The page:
Roughly half a world away, on another island, the Uke Ireland & Ukuhooley Bloghas posted a comparative review of Tranquada and King’s history with Ian Whitcomb’s recent Ukulele Heroes (Hal Leonard Books). Embedded within that blog post is a video review by Ukester Brown, a ‘ukulele player in Minnesota, who recommends both books, for different reasons. According to the information on the Uke Ireland site, every Saturday there’s a UkuHooley Meetup at the Dun Laoghaire Club in Dublin—perhaps another example of how the ‘ukulele has become an international cultural phenomenon!

Uke Hunt Reviews The ‘Ukulele

Al Wood’s Uke Hunt review of The ‘Ukulele: A History, by Jim Tranquada and John King, is full of praise:

“Context Finally! . . . Thought Provoking . . . Great Pictures . . . Well Researched. . . If you care about the history of the ukulele you have to buy [this book]. It’s the definitive book on the subject. There’s no other book that comes close to it.”

For the complete review, go to: http://ukulelehunt.com/2012/06/20/the-ukulele-a-history-by-jim-tranquada-and-john-king-review/.

Big Happiness: One of the Best Local Books of 2011

Big HappinessBig Happiness: The Life and Death of a Modern Hawaiian Warrior, by Mark Panek, is called “one of the best local books of 2011” in a review at Hawai‘i Book Blog:

Big Happiness is an account of the amazing and tragic life of Percy Kipapa, local boy turned professional sumo wrestler. In my opinion it’s an important work of creative nonfiction and one of the best local books of 2011. Using a combination of personal experiences with Kipapa, interviews, newspaper articles and court documents, Panek has seamlessly composed a narrative that tells the story of how Percy Kipapa came home a hero only to end his life as a terrible reminder of the destructive power of “meth” addiction. It’s an unofficial biography of a man and a community struggling to stay afloat in a world changing too quickly.”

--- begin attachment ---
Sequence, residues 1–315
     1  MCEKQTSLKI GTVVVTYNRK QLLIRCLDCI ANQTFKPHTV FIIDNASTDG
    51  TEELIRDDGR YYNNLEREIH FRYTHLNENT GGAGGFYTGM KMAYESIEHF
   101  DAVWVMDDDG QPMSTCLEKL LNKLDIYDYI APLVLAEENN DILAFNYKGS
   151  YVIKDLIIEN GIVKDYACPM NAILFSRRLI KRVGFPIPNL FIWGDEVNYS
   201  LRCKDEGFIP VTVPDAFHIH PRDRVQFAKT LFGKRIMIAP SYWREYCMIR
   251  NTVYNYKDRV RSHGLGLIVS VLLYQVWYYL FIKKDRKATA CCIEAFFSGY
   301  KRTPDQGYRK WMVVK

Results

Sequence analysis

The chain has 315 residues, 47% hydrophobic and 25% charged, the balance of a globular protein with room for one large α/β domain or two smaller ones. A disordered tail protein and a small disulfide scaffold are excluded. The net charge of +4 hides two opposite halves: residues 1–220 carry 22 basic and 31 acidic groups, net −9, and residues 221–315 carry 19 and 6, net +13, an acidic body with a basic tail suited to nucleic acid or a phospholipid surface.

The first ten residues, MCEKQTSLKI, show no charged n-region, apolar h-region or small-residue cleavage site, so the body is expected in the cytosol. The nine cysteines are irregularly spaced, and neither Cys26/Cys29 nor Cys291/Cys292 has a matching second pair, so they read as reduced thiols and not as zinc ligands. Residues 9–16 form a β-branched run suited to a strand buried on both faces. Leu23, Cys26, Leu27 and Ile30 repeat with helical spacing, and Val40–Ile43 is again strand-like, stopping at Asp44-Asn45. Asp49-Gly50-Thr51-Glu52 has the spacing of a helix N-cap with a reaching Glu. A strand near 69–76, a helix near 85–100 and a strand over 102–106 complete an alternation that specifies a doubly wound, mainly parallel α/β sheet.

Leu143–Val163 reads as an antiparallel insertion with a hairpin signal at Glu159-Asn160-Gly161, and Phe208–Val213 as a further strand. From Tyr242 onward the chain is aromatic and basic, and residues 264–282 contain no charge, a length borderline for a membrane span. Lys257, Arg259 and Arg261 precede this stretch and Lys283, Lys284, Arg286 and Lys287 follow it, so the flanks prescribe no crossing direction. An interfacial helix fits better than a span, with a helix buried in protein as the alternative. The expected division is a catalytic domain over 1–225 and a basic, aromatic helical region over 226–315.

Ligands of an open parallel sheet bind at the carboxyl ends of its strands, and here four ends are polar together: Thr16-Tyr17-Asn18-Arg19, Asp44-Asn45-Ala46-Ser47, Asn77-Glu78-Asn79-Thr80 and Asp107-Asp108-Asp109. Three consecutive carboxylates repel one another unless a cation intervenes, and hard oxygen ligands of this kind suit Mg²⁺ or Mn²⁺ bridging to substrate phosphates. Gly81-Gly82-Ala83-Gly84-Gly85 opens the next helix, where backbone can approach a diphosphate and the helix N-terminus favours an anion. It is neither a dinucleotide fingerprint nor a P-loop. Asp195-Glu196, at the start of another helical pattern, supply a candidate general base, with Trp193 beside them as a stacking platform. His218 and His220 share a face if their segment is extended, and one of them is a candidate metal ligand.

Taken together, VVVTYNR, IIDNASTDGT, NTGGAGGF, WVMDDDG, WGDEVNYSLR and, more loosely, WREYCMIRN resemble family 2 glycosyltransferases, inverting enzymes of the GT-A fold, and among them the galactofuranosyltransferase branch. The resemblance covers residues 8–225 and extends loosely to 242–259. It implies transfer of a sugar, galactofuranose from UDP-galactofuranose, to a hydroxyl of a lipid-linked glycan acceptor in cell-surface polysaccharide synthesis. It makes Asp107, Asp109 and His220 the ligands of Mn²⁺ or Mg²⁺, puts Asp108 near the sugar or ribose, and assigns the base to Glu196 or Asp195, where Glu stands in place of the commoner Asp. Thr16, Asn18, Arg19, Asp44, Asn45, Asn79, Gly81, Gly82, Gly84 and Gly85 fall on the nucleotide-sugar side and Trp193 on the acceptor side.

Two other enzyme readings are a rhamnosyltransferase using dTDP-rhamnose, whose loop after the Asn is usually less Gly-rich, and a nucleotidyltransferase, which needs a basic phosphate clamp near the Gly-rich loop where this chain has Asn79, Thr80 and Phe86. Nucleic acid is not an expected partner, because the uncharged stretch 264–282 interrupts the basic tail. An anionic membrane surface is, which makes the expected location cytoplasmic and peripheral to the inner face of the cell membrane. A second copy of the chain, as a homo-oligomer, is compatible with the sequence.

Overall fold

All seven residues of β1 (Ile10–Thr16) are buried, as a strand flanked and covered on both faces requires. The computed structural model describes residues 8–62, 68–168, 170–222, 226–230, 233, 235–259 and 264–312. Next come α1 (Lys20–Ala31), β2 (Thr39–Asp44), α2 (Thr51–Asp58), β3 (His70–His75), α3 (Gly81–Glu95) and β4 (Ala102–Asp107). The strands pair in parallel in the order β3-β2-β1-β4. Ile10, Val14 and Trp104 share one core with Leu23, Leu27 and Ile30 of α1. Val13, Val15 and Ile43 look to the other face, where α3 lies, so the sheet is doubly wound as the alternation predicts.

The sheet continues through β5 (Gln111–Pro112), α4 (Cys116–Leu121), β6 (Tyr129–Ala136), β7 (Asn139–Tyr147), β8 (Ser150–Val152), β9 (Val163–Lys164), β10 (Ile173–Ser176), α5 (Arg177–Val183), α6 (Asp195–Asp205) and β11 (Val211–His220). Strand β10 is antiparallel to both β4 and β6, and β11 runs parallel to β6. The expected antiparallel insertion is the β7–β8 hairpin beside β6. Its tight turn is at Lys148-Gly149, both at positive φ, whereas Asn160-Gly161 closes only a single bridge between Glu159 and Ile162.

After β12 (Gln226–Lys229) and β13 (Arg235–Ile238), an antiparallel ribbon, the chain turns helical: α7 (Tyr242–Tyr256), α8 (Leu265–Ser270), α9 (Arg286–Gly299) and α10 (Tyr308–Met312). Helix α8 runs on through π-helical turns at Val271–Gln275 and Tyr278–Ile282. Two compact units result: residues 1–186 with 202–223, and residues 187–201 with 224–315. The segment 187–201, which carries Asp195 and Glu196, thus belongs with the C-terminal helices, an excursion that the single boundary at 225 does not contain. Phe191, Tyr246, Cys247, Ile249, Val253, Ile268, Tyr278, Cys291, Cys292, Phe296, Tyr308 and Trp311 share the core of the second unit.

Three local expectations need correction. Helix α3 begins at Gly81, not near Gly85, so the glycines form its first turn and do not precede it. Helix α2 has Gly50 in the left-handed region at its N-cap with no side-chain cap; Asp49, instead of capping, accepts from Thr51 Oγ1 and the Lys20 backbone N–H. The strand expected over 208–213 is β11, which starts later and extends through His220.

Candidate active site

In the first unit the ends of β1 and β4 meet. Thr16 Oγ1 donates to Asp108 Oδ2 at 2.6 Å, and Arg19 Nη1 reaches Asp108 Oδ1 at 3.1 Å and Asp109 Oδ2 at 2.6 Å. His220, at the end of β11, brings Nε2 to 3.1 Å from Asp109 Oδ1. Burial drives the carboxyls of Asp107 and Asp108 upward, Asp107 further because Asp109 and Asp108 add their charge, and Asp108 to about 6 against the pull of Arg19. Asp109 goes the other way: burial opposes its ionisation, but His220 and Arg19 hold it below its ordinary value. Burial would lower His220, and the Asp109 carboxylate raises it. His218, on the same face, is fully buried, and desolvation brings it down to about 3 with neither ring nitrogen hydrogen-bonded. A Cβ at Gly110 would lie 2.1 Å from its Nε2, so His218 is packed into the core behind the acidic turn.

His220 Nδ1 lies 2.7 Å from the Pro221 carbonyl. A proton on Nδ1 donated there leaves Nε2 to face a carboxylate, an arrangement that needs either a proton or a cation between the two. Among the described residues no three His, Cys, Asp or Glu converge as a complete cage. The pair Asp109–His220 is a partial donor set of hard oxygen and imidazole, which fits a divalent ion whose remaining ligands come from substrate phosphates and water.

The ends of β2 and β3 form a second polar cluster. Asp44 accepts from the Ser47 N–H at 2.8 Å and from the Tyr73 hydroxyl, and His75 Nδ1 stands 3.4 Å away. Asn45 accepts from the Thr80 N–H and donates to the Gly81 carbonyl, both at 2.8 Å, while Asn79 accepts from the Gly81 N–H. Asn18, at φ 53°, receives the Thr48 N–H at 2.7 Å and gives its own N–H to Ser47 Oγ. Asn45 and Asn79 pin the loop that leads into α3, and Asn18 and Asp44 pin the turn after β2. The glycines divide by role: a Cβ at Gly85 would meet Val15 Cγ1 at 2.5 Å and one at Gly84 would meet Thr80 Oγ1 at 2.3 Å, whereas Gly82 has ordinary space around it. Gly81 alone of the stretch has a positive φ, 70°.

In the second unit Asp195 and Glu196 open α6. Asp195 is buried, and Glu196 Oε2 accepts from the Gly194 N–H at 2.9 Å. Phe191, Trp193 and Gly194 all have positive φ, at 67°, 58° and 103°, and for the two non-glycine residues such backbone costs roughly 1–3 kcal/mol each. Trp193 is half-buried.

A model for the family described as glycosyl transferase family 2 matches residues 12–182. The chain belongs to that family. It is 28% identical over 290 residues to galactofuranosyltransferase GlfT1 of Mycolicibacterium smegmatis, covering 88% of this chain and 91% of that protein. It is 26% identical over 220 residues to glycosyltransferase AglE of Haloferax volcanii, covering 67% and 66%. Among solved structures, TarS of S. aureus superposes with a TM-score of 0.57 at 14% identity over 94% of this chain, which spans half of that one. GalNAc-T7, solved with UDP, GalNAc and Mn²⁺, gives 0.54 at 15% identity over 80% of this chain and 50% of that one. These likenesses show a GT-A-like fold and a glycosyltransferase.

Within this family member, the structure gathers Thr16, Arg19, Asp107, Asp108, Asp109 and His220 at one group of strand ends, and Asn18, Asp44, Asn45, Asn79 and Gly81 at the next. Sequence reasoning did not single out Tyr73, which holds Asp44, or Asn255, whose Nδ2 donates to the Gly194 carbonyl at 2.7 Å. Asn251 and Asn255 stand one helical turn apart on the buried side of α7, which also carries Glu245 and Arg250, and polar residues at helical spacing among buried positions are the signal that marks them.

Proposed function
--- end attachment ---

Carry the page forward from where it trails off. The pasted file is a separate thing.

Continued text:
Read the entire review here: http://www.hawaiibookblog.com/articles/book-review-big-happiness/.

Sumo Fan Magazine Reviews Big Happiness

Many thanks to Chris Gould at Sumo Fan Magazine for his thoughtful review of Big Happiness: The Life and Death of a Modern Hawaiian Warrior, by Mark Panek. While acknowledging that, for sumo cognoscenti, the book “cannot be awarded full marks for sumo content,” Gould writes:

“Panek has worked his fingers to the bone to produce some fine research into Hawaiian culture, and this book must rank as one of the most fun academic texts ever. It’s no mean feat to make a history and cultural book so accessible and readable, all the time drawing you into the character of Percy.”

Surfer’s Praise for Pacific Passages

Pacific PassagesRead Tim Baker’s Surfing World review of Pacific Passages: An Anthology of Surf Writing, edited by Patrick Moser, here.

“This gem of a book provides just about the best historical overview of surfing, and surf writing, you are likely to find anywhere. . . . This kind of thoughtful, revealing, sensitive contemplation of the surfing life seems like an antidote to the times we live in. I loved this book, if only for the way it helped illustrate that the current buzz and chatter of web silliness is just one very small point on a long, long continuum. Thank goodness for that.”